In my earlier blog on the referendum (https://worldtorights.org/2016/06/18/vote-for-humanity-in-the-eu-referendum/) I argued that our ageing society is likely to need more immigrants in future, not fewer, in order to fill the jobs our economy will need as dependency ratios worsen through demographic change. I think the Government knows this but they have made rash promises to cut numbers so they are casting around for answers. One of the daftest ideas is the proposal to cut the number of places for foreign students at UK Universities and colleges. It will not be in our economic or political interests for future leaders of countries across the world to have been excluded from the UK and educated instead in the universities of our competitor economies in Europe and North America. And to extend this idea to language schools would be equally foolhardy. English is the global language of business. Surely it is best that people come here to learn it, building their commitment to the UK as they develop their future prospects. One advantage of a falling pound is that the UK becomes a more attractive destination for foreign students, which is good for our economy. We should not turn away that opportunity for the sake of headline immigration numbers.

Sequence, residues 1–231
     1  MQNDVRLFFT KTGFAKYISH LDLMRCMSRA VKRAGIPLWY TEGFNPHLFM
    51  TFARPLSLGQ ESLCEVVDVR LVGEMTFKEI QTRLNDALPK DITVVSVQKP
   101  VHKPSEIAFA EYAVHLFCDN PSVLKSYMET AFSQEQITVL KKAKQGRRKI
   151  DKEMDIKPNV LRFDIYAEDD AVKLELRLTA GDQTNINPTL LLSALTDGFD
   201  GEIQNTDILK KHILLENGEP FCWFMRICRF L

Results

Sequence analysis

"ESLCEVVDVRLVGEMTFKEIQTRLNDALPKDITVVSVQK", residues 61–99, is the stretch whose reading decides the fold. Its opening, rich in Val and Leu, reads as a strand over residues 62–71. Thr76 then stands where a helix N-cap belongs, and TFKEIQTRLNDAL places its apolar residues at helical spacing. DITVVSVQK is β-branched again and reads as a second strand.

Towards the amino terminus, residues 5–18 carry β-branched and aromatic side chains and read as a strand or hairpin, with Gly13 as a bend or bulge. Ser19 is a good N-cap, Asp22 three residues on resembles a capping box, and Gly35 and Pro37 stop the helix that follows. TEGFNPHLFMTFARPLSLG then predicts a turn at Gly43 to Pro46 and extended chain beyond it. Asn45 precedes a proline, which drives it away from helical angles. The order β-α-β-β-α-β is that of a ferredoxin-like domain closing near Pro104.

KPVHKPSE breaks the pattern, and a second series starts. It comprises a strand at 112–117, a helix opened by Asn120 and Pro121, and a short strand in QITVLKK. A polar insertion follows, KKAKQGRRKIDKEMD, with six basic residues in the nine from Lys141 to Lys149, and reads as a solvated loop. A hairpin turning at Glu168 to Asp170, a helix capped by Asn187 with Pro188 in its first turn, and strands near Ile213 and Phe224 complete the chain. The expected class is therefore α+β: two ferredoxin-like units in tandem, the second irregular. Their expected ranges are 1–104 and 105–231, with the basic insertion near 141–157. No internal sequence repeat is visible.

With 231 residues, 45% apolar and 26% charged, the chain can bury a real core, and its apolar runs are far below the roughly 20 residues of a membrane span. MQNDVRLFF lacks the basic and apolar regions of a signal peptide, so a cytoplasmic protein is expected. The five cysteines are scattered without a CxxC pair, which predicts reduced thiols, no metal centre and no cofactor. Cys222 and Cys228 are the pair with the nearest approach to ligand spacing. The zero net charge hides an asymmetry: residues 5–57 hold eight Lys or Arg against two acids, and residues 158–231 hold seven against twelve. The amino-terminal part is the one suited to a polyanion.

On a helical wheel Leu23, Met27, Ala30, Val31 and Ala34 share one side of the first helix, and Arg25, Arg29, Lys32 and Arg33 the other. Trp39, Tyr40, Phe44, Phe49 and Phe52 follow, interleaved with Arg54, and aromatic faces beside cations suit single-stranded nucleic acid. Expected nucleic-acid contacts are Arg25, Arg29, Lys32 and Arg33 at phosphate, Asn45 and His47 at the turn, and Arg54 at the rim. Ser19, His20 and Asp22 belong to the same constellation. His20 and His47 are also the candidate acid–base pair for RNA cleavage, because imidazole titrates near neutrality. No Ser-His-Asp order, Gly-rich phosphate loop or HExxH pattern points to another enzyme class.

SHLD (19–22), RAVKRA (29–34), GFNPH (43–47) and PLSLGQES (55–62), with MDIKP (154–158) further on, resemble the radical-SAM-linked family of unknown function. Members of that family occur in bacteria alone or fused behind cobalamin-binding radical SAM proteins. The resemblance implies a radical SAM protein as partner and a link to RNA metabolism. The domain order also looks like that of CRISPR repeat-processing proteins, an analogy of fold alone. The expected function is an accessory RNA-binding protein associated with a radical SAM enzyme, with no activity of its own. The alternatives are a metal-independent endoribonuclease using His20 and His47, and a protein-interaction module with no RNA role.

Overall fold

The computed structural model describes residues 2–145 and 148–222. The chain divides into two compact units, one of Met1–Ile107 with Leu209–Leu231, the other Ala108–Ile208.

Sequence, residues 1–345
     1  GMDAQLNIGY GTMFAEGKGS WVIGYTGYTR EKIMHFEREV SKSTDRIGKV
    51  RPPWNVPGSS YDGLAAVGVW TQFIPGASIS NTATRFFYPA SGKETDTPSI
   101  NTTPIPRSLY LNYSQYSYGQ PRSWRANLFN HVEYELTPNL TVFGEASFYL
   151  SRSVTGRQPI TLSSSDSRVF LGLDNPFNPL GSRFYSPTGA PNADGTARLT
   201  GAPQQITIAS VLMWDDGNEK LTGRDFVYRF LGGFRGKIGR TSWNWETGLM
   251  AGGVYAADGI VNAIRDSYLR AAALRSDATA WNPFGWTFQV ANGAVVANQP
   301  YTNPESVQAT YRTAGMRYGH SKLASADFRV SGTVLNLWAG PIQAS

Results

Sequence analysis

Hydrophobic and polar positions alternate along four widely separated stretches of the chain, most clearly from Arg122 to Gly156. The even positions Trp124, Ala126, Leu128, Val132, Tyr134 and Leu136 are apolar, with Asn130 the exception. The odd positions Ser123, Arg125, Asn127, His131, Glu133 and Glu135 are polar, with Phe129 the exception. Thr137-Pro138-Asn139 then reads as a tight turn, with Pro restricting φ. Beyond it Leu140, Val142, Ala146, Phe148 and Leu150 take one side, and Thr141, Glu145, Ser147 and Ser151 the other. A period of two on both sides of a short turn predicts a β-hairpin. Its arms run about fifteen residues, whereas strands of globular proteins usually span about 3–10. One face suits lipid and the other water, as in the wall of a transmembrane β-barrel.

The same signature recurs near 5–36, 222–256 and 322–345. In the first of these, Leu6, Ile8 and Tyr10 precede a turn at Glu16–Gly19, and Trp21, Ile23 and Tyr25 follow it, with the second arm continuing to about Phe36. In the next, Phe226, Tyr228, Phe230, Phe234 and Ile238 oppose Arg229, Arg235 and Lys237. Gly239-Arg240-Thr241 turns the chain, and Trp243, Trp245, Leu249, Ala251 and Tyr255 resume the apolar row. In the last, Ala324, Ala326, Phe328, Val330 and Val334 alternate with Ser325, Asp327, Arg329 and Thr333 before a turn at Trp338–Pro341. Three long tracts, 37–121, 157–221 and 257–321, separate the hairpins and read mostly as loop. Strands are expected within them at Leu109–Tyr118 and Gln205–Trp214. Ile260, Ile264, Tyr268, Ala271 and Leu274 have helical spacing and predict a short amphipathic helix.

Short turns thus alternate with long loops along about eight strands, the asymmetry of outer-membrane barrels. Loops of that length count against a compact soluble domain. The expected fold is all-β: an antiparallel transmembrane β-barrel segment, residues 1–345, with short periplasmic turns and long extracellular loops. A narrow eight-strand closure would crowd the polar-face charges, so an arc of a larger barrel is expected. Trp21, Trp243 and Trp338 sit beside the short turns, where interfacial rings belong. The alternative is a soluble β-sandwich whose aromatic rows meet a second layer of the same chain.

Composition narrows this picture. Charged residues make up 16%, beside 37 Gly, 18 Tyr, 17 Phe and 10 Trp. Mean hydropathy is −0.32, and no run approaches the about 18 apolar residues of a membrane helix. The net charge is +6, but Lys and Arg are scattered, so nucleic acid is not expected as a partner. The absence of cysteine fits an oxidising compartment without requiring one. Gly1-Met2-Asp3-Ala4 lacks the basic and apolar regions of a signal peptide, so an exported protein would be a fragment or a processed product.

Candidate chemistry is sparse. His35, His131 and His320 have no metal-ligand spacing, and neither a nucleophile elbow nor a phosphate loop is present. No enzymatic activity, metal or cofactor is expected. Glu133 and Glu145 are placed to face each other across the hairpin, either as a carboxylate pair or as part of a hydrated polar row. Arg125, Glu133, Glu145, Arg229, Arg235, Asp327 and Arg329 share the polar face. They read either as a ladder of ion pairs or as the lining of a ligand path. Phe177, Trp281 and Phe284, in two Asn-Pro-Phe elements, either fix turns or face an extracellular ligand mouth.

In my letter to the PM in July, I expressed concern about housing. Prices continue to rise and young people are increasingly excluded from the chance to own their own home, or even in many cases to rent somewhere decent. Shelter has been scathing of the Government’s claims to be replacing social housing stock lost to Right To Buy (http://blog.shelter.org.uk/2016/03/right-to-buy-replacement-four-steps-to-good-news/) while there is no sign that new homes are being built at anything other than a pathetically slow rate by historical standards:

house-building-stats

I also asked for action to address child poverty. Theresa May has spoken of a country that works for everyone. Surely that “everyone” must include the nation’s poorest children. Yet the IFS projects a 50 per cent increase in relative child poverty – from 17.0 per cent in 2014-15 to 25.7 per cent in 2020-21 – and an increase in absolute child poverty from 16.7 per cent in 2014-15 to 18.3 per cent in 2020-21. So far I have not seen any new energy from Mrs May’s administration to change this forecast. Surely this should be a real top priority?

Mrs May talked about helping those working class families who ‘just about manage’. That would be good, but we still have millions who live in poverty, who are excluded from economic progress, who are marginalised, alienated and without hope. They must not be left behind. Indeed they must be given the help and support they need. Inevitably, this will cost money. It means looking after those who are not able to survive without help from wider society. It means changing the language and culture away from the idea of the deserving (‘hard-working families’) or undeserving (lazy scroungers dependent on welfare) poor.